Common MBA Problem-Solving Mistakes

18 August 2011 at 5:32 pm 1 comment

| Peter Klein |

From Luke Froeb, author of the excellent Managerial Economics: A Problem-Solving Approach, shares his most common comments on MBA student assignments. Excerpt:

“What about the organizational design?” Figure out what is causing the problem, and then think about how to avoid the problem. A lot of papers identified a bad decision, and then suggested reversing it. But they neglected to address the issue of why the bad decision was made, and how to make sure the same mistakes wouldn’t be made in the future.

“Don’t define the problem as the lack of your solution.” For example, if the problem is “the lack of centralized purchasing,” then you are locked into a solution of “centralized purchasing.” Instead, define the problem as “high acquisition cost” and then examine “centralized purchasing” vs. “decentralized purchasing” (or some other alternative) as two solutions to the problem.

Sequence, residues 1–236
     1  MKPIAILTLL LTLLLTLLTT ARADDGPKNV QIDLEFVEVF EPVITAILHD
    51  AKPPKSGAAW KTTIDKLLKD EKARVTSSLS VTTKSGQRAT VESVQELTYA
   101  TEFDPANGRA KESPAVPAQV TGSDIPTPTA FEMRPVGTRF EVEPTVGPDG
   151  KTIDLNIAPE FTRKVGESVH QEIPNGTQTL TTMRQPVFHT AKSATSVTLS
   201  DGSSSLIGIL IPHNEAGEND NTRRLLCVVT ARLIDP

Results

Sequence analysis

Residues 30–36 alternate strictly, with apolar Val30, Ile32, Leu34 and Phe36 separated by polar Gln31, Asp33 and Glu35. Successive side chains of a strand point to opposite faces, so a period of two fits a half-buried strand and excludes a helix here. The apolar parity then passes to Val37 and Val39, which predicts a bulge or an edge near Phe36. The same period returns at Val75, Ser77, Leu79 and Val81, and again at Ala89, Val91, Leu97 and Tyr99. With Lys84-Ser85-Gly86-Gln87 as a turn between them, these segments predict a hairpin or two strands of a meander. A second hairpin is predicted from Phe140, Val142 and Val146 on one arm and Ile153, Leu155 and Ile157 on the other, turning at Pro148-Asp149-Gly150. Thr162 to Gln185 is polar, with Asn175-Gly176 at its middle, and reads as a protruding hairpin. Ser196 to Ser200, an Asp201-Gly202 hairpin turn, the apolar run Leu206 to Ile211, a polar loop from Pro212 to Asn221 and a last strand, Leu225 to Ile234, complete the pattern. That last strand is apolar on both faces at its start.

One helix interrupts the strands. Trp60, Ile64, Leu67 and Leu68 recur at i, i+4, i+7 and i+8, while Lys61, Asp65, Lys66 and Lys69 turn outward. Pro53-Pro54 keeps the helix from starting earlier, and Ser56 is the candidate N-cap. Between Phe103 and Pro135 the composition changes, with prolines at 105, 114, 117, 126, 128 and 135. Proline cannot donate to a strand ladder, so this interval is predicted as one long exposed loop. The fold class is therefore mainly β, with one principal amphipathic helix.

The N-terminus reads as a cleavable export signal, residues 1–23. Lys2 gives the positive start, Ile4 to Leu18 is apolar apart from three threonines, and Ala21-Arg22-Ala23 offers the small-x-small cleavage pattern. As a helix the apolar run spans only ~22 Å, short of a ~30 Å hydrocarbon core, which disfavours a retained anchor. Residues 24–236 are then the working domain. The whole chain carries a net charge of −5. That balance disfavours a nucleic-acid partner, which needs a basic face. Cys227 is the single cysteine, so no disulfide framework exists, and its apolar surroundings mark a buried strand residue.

“What is the trade-off?” Every solution has costs as well as benefits. If you list only the benefits, it makes your analysis seem like an ex post rationalization of a foregone decision, rather than a careful weighing of the benefits and costs. If you spent some time thinking through the tradeoffs, show it. If not, then you should.

These are excellent suggestions. For example, students want us to teach them solutions, but usually the best we can do as instructors is help them understand the relevant tradeoffs.

Entry filed under: - Klein -, Management Theory, Strategic Management, Teaching.

Entrepreneurial Studies and Applied Economics at the AOM 2011 More Back-to-School Advice

1 Comment Add your own

  • 1. srp  |  19 August 2011 at 7:45 pm

    Heh. I just sent out a memo to my class preparatory to an essay final exam with some of the same points.

    A couple of my own:

    Avoid “dehydrated water” recommendations that hedge so much they end up being meaningless. It’s fine to propose an interior solution with a balanced tradeoff, but you have to specify where you want to be compared to the status quo or to other benchmarks. “Focus on X while also making sure to take care of Y” isn’t a whole lot of help–you could reverse Y and X in that sentence and the reader would not be able to tell the difference.

    Don’t rehash case facts except to support an argument. Long quotes from the case don’t “speak for themselves.”

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